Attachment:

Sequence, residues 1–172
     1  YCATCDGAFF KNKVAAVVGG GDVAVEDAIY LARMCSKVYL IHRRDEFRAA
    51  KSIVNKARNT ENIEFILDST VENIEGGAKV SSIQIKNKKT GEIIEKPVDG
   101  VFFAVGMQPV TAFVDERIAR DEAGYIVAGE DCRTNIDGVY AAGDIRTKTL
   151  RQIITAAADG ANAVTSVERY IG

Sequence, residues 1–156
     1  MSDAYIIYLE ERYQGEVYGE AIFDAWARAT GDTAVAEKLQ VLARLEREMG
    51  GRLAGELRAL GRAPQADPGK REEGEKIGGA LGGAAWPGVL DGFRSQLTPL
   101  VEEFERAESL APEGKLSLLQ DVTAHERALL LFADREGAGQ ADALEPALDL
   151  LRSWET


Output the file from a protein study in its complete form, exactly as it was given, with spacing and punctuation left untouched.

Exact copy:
Sequence, residues 1–172
     1  YCATCDGAFF KNKVAAVVGG GDVAVEDAIY LARMCSKVYL IHRRDEFRAA
    51  KSIVNKARNT ENIEFILDST VENIEGGAKV SSIQIKNKKT GEIIEKPVDG
   101  VFFAVGMQPV TAFVDERIAR DEAGYIVAGE DCRTNIDGVY AAGDIRTKTL
   151  RQIITAAADG ANAVTSVERY IG

Sequence, residues 1–156
     1  MSDAYIIYLE ERYQGEVYGE AIFDAWARAT GDTAVAEKLQ VLARLEREMG
    51  GRLAGELRAL GRAPQADPGK REEGEKIGGA LGGAAWPGVL DGFRSQLTPL
   101  VEEFERAESL APEGKLSLLQ DVTAHERALL LFADREGAGQ ADALEPALDL
   151  LRSWET